The Role of PSA Testing in Advanced Prostate Cancer
The Group Room at the 2012 European Society for Medical Oncology (ESMO) Congress in Vienna was made possible, in part, by:
Selma Schimmel, Founder & CEO, Vital Options International
This is Selma Schimmel for The Group Room at the ESMO 2012 Congress happening now in Vienna.
Is PSA and a rising PSA the best marker for late-stage diagnosis?
David I Quinn, MD: Medical Director, USC Norris Cancer Hospital, Los Angeles
I think it’s one of the markers. I think that patients become wed to it. They’ve look at it for many years. And I think PSA is one indicator but rather for the PSA to go down than go up, that’s usually the case. But increasingly what we are seeing is a large group of patients that have relatively stable PSA and what I mean by that is a rise of not more than, say, 5 or 10% per time. And we have with the newer drugs, for example, abiraterone and other generation drugs in that group such as TAK-700, a situation where your PSA can be slowly rising for a long time, more than a year, and you don’t have progressive disease on a scan. So one PSA reading does not a summer swallow make. The trend can be important. If you are more than doubling on therapy, it’s probably not a good thing but you need to confirm that with some other evaluations such as scanning. And also we use some things as game breakers now, so circulating tumor cells are often game breakers and we’ll do them periodically. We don’t do them very often because we don’t know the right interval for people who are relatively stable but done a month apart they can actually determine a difference for the patient. So, if the circulating tumor cells are going up and you think that there are some other parameters that suggest the patient is progressing… I worry less about PSA and I worry a lot about pain. If I have a patient who is in pain, they’re the ones that make me restless and I sort of roll over at night until it settles down or we get it under control. And I think we’re doing better in that area. Patients tend to lose sleep over their PSA and to the point where I’ve got patients that are woken up by their wives at 4 a.m. on the day they have to get their blood test. It’s true; they’ve been doing this for years. It’s a chronic disease, prostate cancer, for most people, so it’s natural. We do need to get better markers and I just encourage patients who are looking at this to be aware of that and to try and look for trials and if they are offered trials of giving a little bit of extra blood or whatever it is to try to help with that.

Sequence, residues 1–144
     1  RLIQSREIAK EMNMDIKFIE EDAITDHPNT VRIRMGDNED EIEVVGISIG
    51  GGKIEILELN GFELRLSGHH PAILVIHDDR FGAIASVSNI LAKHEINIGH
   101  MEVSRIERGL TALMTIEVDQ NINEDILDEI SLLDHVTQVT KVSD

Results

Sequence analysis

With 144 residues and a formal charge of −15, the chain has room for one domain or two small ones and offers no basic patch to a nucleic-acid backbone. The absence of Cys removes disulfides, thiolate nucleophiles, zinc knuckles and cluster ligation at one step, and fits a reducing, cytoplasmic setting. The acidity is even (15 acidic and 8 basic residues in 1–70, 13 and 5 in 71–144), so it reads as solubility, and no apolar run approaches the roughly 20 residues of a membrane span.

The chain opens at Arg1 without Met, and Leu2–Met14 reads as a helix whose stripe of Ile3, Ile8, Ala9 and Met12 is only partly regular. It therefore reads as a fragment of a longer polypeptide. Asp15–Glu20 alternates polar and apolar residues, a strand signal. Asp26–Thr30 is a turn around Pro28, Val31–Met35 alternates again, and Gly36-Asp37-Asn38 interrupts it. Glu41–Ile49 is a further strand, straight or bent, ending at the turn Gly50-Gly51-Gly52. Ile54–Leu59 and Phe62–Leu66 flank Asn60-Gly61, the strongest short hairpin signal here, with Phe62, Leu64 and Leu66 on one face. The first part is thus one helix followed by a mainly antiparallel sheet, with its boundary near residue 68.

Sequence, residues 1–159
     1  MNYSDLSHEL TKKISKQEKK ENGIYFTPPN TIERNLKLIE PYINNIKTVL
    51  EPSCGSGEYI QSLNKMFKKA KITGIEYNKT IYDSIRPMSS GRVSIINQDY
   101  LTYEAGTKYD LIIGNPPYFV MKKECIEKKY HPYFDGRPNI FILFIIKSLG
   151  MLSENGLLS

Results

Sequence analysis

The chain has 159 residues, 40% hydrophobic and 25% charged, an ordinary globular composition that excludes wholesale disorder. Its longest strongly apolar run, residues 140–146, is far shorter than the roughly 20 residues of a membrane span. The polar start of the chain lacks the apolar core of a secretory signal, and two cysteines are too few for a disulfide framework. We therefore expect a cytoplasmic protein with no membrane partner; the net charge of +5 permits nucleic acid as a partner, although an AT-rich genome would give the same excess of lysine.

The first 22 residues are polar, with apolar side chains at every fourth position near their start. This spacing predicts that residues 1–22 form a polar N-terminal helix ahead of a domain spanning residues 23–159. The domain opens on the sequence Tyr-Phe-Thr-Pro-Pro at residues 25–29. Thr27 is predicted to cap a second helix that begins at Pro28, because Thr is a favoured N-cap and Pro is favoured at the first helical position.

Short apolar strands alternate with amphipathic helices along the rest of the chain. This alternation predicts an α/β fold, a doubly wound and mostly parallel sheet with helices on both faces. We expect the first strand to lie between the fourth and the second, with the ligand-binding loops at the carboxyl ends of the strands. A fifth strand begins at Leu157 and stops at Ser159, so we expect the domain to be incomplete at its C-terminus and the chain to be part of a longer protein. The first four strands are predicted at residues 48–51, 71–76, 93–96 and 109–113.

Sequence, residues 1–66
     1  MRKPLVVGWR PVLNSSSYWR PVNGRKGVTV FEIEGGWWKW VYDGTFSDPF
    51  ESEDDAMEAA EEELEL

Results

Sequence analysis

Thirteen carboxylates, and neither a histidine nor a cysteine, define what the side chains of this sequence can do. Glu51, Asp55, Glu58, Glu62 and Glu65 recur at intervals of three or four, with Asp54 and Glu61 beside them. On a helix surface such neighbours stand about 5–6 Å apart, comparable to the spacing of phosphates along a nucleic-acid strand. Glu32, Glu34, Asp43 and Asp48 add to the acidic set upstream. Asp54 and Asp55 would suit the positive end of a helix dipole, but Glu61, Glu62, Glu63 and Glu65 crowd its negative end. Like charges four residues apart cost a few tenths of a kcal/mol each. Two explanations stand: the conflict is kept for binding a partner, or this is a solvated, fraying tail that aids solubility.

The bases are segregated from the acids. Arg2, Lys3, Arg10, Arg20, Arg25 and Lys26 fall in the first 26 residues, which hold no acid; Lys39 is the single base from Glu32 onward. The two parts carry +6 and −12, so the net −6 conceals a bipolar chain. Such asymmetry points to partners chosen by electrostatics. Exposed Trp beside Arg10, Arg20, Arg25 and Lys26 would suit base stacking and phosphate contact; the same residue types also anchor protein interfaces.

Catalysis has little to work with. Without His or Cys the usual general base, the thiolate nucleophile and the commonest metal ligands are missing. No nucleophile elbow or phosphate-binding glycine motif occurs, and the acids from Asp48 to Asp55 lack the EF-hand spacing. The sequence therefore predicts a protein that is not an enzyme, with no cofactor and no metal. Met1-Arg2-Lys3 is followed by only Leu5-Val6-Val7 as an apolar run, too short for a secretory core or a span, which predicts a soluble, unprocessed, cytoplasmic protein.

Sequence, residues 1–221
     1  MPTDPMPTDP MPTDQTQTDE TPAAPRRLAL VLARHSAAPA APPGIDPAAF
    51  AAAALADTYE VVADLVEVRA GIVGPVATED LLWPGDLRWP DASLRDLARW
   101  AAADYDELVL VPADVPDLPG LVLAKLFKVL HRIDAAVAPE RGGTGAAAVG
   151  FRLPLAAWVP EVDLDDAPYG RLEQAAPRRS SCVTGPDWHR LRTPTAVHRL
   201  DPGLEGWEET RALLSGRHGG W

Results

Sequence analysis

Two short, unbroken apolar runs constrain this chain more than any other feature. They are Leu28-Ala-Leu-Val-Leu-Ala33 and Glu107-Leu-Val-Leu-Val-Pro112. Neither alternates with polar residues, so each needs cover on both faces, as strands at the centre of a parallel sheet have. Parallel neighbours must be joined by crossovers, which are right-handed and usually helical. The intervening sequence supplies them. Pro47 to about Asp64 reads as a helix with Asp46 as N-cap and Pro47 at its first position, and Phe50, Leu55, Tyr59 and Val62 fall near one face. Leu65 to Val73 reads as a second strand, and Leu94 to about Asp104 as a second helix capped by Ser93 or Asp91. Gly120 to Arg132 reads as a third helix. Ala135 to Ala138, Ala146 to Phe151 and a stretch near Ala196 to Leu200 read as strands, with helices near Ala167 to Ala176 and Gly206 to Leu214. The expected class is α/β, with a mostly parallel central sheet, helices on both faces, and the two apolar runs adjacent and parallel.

Maria De Santis, MD: Kaiser Franz Josef Hospital, Vienna
Well, PSA is very popular as you have pointed out and it is very popular for screening for primary diagnosis and in this field it is very helpful, of course. In patients being castration-resistant, those patients who progress on androgen-deprivation therapy and especially in those patients after chemotherapy at a later disease stage, PSA has shown to be not that helpful as in the beginning of the disease because disease changes and disease is dependent on the androgen receptor, on the one hand. On the other hand, there is disease that does not respond that well to certain treatments. And PSA, for example, does not show a response or PSA progression does not show that the patient is really progressing with symptoms. So, for the evaluation of our drugs, PSA has become a sort of problem in this late stage. And in addition, those new drugs like abiraterone or enzalutamide have shown also PSA flares sort of false PSA rises that do not reflect a progression of disease. And this makes the treatment in this state of disease more complicated because patients know a lot about PSA and they are worried when PSA is rising. But we see that the patient is well and there are no major changes on the bone scan. So I think it is important for the patients to know that PSA is not the most important sign of disease progression at this stage and with the use of these novel agents, for example.
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